Protein-Protein Interactions Measurement Technology

Screening best practices for mapping protein-protein interactions.

Next Generation Sequencing – Yeast Two-Hybrid Screening to Map Protein-Protein Interactions

Yeast Two-Hybrid as a Principal Discovery Tool

Many key molecular biology paradigms were made possible by yeast two-hybrid (Y2H) technology. Y2H was instrumental in the discovery of basic biology that we now take for granted, such as effector functions in the Ras pathway, yeast mating response, tumor suppressor functions, and many other processes. As of today, Y2H remains a primary discovery tool in biosciences. However, most Y2H screens are not truly quantitative. Moreover, poor experimental design can result in inconsistent or non-reproducible results, lack of complete coverage or, most importantly, high rates of false positives.

A Next Generation Solution for Y2H Screens

We have developed an innovative concept and methodology to harness the power of Next Generation Sequencing technology for protein-protein interaction screens which resolves the drawbacks of the conventional Y2H method.  For the cost of a conventional assay, we can now characterize Y2H screens with millions of data points and achieve complete coverage of the interaction space. Additionally, by applying systematic background controls, we eliminate large numbers false positives that confound the screening results.

Yeast Two-Hybrid Principle

A transcription factor split into activation domain (AD) and DNA-binding domain (DBD) is reconstituted via the physical interaction of bait and prey protein fusions. This drives the expression of reporter genes, resulting in cell growth (clonal expansion) or other screenable phenotypes. Phenotypes are scored as activation by genuine bait-prey interaction (true positives), versus no bait-prey interaction (true negatives).

Illustration of a True Positive for Yeast Two-Hybrid Principle
Illustration of True Negative for the Yeast Two-Hybrid Principle
Image of workflow for Next Generation Sequencing Yeast Two-Hybrid Screening

NGS-Based Screening Procedure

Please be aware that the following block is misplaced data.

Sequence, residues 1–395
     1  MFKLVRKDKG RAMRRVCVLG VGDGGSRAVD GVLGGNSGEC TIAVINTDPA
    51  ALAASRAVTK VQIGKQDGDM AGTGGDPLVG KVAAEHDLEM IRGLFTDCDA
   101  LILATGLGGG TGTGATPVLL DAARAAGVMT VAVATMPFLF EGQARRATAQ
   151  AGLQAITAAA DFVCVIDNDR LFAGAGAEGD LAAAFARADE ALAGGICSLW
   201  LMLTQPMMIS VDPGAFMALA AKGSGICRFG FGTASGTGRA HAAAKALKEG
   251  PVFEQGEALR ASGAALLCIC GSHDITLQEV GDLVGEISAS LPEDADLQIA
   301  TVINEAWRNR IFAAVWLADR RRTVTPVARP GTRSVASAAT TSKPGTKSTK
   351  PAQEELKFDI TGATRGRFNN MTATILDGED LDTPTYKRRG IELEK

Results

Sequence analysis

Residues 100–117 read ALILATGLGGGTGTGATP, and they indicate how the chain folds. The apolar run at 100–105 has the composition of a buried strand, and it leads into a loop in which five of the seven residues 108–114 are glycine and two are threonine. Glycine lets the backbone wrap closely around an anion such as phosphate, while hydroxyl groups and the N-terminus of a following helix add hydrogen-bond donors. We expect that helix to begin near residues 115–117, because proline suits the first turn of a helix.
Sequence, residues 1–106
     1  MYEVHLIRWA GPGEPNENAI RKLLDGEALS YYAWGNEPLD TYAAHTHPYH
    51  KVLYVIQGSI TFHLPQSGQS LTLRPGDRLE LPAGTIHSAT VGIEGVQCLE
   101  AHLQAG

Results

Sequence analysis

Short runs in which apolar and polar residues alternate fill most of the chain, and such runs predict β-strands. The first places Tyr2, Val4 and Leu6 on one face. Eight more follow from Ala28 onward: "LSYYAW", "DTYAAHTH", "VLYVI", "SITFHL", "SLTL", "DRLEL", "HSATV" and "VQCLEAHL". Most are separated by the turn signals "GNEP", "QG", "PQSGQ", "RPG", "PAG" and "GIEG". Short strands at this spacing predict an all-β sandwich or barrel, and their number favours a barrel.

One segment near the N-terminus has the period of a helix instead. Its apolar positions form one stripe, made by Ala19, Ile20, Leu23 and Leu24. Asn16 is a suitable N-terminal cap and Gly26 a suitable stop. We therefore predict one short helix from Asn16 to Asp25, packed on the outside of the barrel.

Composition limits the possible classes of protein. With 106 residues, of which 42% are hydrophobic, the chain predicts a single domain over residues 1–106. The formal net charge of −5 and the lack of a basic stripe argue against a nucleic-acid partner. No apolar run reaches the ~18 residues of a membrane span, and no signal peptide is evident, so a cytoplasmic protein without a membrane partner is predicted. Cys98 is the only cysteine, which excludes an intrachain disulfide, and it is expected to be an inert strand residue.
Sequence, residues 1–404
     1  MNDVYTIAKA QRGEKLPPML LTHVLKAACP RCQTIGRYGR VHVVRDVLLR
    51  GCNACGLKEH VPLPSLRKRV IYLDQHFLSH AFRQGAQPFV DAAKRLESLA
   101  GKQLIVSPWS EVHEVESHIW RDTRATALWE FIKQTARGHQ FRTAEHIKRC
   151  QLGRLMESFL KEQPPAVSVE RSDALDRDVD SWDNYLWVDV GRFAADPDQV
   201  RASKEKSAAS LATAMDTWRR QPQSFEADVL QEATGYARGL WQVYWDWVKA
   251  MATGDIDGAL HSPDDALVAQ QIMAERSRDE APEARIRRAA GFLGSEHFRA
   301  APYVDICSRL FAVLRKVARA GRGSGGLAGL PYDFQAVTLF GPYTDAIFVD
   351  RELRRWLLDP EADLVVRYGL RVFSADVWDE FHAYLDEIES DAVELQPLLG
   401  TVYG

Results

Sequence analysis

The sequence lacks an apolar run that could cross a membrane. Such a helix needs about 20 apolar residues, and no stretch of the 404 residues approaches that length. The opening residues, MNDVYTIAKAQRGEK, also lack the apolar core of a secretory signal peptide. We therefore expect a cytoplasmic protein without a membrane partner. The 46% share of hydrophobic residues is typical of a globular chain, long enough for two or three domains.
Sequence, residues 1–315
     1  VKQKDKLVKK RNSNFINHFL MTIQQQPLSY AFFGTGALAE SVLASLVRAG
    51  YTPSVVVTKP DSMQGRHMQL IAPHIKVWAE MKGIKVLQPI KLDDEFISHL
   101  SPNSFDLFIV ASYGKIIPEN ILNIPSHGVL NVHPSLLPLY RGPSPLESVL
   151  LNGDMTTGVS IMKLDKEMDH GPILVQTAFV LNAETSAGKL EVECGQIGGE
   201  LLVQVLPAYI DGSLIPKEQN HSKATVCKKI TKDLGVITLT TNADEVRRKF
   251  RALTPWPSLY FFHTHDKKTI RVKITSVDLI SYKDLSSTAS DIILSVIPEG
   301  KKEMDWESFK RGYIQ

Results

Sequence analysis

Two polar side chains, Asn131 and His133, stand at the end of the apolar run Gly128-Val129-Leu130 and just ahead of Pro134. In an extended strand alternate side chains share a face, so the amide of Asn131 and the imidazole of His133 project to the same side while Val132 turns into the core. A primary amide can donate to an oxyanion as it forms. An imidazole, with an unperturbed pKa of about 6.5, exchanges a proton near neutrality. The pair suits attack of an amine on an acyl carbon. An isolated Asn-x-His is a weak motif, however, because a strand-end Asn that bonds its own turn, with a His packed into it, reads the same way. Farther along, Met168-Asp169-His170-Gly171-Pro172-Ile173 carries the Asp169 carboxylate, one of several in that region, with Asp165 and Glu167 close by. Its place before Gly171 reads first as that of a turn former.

Determining interaction partners for a specific protein is easily accomplished with our Y2H-NGS combination technology. Tissue- or organ-derived cDNA libraries are transformed into Y2H prey vectors and then screened with individual baits – your protein of interest – under selective growth conditions. The selection process results in cell populations that are differentially enriched in prey cDNAs that interact with the desired bait. The prey cDNAs in selected yeast clones are then isolated and entirely sequenced by next generation sequencing (NGS).

NGS-Based Screening Procedure

Determining interaction partners for a specific protein is easily accomplished with our Y2H-NGS combination technology. Tissue- or organ-derived cDNA libraries are transformed into Y2H prey vectors and then screened with individual baits – your protein of interest – under selective growth conditions. The selection process results in cell populations that are differentially enriched in prey cDNAs that interact with the desired bait. The prey cDNAs in selected yeast clones are then isolated and entirely sequenced by next generation sequencing (NGS).

Custom-Built Bioinformatics Pipeline

With bioinformatics tools and algorithms, Y2H screening data are now interpreted as numerical scores and can be viewed as interaction profiles rather than individual interactions. These interaction profiles are comparable to transcription profiles in RNA-sequencing.

Image of Heatmap of Screening a Prey Library
Heatmap of Screening a Prey Library
Image of a Scatterplot of Screening a Prey Library
Scatterplot of Screening a Prey Library
Image of a network of interacting proteins
Network of Interacting Proteins